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Jun 29, 1:18 PM EDT

The Islamic State group has pushed back U.S-allied Syrian rebels from the outskirts of a militant-held town on the border with Iraq



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The Islamic State group has pushed back U.S-allied Syrian rebels from the outskirts of a militant-held town on the border with Iraq

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BEIRUT (AP) -- Islamic State militants on Wednesday pushed back U.S.-trained Syrian rebels from the outskirts of a town on the Iraqi border, in a setback to a budding offensive that aims to sever the militants' transit link between the two countries, a rebel spokesman said.

The Islamic State-linked Aamaq news agency said IS militants repelled the New Syrian Army from an air base which the rebels had briefly captured earlier in the day. IS said it seized 15 hostages and ammunition, and was still advancing against the rebels.

Earlier Wednesday, the Pentagon-trained force entered the Hamdan air base - northwest of the border town of Boukamal - following intense clashes, rebel spokesman Mozahem al-Saloum said.

He said airborne fighters were dropped from coalition helicopters on Boukamal's southern edge, helping the rebels advance. The Britain-based Syrian Observatory for Human Rights, which relies on local activists, confirmed the account.

The Observatory's chief, Rami Abdurrahman, said foreign airborne fighters were also dropped to the north, enabling the takeover of the base. The rebels were heavily backed by U.S.-led coalition airstrikes and were coordinating their fight with Iraqi tribesmen and forces on the other side of the border, al-Saloum said.

The U.S.-led coalition has been carrying out airstrikes against IS in Iraq and Syria since 2014 and 300 U.S. Special Forces are embedded with a Kurdish-led militia in northern Syria. It was not immediately clear whether U.S. forces were involved in the Boukamal offensive or what other nations might be taking part in it. The U.S. Central Command said coalition jets carried out several airstrikes on IS targets in the Boukamal area.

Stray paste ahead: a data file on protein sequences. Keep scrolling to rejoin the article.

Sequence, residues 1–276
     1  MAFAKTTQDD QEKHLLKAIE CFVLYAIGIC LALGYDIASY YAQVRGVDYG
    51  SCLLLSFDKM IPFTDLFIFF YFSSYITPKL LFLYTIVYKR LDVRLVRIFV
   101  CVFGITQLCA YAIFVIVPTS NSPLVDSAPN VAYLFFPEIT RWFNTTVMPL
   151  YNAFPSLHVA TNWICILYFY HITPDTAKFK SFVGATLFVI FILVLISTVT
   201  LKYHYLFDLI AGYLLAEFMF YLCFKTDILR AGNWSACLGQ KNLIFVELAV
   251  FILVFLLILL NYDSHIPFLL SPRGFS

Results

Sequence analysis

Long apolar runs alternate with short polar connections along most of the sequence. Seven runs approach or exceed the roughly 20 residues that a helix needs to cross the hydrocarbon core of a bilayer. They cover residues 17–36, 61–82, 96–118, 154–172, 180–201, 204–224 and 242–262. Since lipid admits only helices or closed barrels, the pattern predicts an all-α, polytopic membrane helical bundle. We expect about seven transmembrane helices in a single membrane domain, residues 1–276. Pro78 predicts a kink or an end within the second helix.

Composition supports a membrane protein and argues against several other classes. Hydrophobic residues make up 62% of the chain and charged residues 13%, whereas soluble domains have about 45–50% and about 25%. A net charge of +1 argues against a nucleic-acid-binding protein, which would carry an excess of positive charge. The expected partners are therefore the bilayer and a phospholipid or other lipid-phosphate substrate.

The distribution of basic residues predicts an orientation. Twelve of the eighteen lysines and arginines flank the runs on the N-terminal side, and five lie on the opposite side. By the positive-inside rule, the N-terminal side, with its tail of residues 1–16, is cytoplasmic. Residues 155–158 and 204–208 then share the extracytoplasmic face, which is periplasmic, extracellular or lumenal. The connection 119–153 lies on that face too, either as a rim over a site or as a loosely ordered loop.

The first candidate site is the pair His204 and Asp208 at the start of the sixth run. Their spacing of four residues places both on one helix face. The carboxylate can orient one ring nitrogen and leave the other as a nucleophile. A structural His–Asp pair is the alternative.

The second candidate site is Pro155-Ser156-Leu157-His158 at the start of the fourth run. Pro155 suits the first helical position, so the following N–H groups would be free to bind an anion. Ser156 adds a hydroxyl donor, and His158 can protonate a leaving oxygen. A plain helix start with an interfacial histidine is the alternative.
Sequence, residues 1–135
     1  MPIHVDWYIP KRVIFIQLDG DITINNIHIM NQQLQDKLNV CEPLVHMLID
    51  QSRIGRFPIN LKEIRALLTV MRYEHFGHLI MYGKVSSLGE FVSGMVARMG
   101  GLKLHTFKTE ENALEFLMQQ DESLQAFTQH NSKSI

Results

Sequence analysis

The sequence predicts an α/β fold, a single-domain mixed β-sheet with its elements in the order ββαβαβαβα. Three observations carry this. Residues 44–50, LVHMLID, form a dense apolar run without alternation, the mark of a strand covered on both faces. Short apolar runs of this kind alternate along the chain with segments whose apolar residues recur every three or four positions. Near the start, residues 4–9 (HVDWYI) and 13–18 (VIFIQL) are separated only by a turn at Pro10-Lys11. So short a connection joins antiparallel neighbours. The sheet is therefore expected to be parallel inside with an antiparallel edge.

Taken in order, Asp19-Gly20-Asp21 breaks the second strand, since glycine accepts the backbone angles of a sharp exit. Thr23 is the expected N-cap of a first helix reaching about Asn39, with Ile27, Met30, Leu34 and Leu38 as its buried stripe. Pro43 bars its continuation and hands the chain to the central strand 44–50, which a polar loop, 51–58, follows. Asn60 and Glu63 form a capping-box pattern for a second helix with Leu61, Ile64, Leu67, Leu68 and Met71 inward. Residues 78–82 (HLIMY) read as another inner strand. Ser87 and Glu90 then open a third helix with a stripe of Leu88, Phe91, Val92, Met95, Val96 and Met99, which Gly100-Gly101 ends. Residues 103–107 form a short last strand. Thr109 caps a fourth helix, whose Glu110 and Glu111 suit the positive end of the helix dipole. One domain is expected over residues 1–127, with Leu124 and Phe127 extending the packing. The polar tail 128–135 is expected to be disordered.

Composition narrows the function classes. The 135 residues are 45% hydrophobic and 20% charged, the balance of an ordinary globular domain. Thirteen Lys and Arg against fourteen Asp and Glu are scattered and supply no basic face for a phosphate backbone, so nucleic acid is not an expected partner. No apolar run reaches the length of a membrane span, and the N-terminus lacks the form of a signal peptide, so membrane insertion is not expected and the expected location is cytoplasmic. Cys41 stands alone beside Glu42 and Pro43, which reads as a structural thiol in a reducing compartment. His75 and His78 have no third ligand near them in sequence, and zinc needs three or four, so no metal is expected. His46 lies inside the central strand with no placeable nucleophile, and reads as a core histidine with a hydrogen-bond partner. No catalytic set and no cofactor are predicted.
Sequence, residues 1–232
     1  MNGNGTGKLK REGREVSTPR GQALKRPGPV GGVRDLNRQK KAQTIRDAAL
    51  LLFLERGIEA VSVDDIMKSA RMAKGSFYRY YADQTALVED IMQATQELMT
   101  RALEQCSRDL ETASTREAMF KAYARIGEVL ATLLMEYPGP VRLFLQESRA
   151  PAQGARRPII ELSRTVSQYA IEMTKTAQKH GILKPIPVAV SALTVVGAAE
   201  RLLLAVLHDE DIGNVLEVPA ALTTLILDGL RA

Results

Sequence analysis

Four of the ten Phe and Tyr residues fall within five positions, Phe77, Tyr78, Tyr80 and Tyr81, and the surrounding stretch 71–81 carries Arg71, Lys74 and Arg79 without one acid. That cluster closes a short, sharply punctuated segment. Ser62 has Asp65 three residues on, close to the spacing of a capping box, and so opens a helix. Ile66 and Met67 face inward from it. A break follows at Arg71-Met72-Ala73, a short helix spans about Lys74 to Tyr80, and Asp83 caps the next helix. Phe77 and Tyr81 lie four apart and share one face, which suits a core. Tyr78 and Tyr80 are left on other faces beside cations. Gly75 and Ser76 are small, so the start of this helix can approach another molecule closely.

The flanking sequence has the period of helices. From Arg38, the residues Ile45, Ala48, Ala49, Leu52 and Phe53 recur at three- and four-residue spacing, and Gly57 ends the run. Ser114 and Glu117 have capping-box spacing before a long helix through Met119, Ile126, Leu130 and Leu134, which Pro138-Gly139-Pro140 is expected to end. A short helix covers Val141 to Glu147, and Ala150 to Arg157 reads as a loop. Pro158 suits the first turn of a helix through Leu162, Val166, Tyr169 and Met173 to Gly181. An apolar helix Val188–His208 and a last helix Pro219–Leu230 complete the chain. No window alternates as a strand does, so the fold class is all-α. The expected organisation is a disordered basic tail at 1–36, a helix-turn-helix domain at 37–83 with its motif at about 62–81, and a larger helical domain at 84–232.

Col. Chris Garver, a spokesman for the U.S.-led coalition in Baghdad, said in a briefing that the U.S has provided advice and assistance to the New Syrian Army as well as airstrikes in both Syria and Iraq in support of the operation. He did not mention the setback or the helicopter-borne movement of Syrian fighters.

The Observatory said several hundred rebels from different factions were involved in the offensive, which began on Tuesday. It said IS fighters have dug trenches and planted land mines south of the town.

Al-Saloum acknowledged that the New Syrian Army forces were unable to keep the base and other outposts to the south, near the Qaim border crossing with Iraq, but said the offensive would continue.

Wednesday's setback was another blow to the rebel group. Two weeks ago, Washington accused Russian aircraft of bombing the rebels near the Iraqi border. Russia has been carrying out airstrikes in support of Syrian President Bashar Assad's forces since September.

IS seized much of the Iraq-Syria border in its 2014 blitz, along with large swaths of territory in both countries, declaring an Islamic caliphate. But IS has in recent weeks been losing ground, both in Iraq and in Syria.

The U.S.-backed and Kurdish-led forces have besieged Manbij, an IS stronghold in northern Syria, while Iraqi forces have taken Fallujah, in Iraq's western Anbar province, from the Sunni extremist group.

Meanwhile, aid was delivered to the besieged Syrian towns of Zamalka and Irbin for the first time since 2012, when the two rebel-held areas east of Damascus were besieged by government forces. The 37-truck convoy organized by the International Committee of the Red Cross, the U.N. and the Syrian Arab Red Crescent carried enough food and medical aid for 20,000 people.

Further north, another joint convoy carrying food and medicine was delivered to the besieged suburb of west Harasta, which has a population of about 12,500, according to ICRC spokeswoman Ingy Sedky.

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Associated Press writer Robert Burns in Washington contributed to this report.

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